On the train home from the airport, I was thinking about something Vince (my post-colonial professor) said during my defense. I chose to read "The Princess in the Forest," and he mentioned, not as an actual criticism but more a comment on himself, that he'd found himself disappointed that I had chosen that story, because he'd read lots of stories about academics having affairs, and he'd hoped I'd read one of the first stories in the collection, the ones that seemed much more 'foreign.' It was an interesting and perceptive comment -- Vince went on to talk about how he thought his own reaction revealed that even he was subject to the desire for the exotic that he taught us to be wary of in class.
So all that is well and good, and a totally interesting and worthwhile comment on his part. And yet it startled me in context, because I just don't think about that story as a story about an academic having an affair. I mean, yes, my protagonist's professor husband does have an affair with one of his grad students, and it's a turning point in the story. But it's not about the affair, not really.
If I were going to characterize this story, I'd say that it's an attempt at a post-feminist story. That the protagonist, a woman who left academia to have children and try to be a good wife in the 1950s, realizes by the end of the story that she has lived her life as if it were a story -- twice. The first story started with her falling in love and getting married, and is a classic love story. And when that fails her, she becomes aware of how she has become trapped in wifehood and motherhood, demonizes her husband, and tells herself that it's his fault that she gave up on her dreams. I hope that by the end of my story, she's managed to walk away from both of those framing narratives, and has some hope of actually living a life she can be happy with. But whether she does or doesn't manage it, the story is about her realizing the limitations of the two very different fairy tales. And as such, I suppose it's my comment both on the terrible binding force of the male patriarchy and on the dangers of a too-simplistic kneejerk feminist reaction to it.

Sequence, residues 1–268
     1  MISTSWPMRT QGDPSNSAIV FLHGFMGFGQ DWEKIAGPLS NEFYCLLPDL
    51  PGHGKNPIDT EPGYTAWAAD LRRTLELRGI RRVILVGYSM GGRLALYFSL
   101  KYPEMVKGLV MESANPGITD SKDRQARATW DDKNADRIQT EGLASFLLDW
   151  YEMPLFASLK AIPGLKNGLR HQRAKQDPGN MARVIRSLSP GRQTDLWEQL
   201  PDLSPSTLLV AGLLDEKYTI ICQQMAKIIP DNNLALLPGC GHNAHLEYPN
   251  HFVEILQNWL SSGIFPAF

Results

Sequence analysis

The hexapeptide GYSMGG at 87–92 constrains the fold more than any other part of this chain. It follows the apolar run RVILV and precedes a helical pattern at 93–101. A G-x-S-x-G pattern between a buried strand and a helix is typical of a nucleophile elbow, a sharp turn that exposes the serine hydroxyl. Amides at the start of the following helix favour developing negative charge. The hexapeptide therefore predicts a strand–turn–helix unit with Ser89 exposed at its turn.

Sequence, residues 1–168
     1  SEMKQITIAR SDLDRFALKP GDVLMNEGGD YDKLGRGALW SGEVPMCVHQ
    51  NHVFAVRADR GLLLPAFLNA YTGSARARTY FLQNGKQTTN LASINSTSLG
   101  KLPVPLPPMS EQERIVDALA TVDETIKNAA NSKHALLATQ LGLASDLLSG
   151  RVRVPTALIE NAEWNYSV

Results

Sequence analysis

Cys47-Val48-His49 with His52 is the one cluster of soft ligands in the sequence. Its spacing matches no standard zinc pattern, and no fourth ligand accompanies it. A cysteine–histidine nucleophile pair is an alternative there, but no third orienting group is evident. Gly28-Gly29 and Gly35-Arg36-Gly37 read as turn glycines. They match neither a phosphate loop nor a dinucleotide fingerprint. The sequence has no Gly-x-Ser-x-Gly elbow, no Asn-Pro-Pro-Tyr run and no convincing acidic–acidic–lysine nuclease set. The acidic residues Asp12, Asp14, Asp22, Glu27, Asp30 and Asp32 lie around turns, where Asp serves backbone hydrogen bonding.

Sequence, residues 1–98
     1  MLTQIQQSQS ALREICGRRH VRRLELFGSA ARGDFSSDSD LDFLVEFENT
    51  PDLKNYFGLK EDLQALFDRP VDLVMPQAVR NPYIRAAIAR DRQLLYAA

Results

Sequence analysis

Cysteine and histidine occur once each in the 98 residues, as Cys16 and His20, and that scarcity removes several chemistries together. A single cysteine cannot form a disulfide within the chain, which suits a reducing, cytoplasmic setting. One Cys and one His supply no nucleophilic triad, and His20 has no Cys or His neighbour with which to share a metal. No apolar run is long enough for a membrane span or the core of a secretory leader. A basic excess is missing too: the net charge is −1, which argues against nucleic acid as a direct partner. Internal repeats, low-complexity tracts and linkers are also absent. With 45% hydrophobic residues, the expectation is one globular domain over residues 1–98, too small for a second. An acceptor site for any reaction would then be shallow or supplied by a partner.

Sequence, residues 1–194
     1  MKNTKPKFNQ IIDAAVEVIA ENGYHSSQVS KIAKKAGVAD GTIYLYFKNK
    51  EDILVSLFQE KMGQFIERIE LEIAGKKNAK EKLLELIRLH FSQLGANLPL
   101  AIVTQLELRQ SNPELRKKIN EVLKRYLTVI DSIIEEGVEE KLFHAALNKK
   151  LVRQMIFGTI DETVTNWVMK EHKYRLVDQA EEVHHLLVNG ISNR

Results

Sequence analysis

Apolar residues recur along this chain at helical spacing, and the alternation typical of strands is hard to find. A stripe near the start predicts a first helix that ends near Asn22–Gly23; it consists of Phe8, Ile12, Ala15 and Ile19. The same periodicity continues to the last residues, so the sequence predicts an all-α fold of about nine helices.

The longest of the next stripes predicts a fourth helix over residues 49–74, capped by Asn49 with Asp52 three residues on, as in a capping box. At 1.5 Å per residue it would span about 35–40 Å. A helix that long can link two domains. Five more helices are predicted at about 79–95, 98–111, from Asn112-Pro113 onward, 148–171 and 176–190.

There. I don't usually feel the need to explain my stories, but somehow, I felt like Vince misread that one, and I wanted to set the record straight. He may well have gotten all of that and not been interested or not thought it was the important part of the story. It may not be the important part of the story. If you ask me tomorrow, I might tell you the story is about something else entirely -- like whether romantic love can survive resentment, or how a daughter's desire to satisfy her dead father can twist into something he would never have wanted for her. So feel free to ignore that whole long paragraph. I just needed to get it out. :-)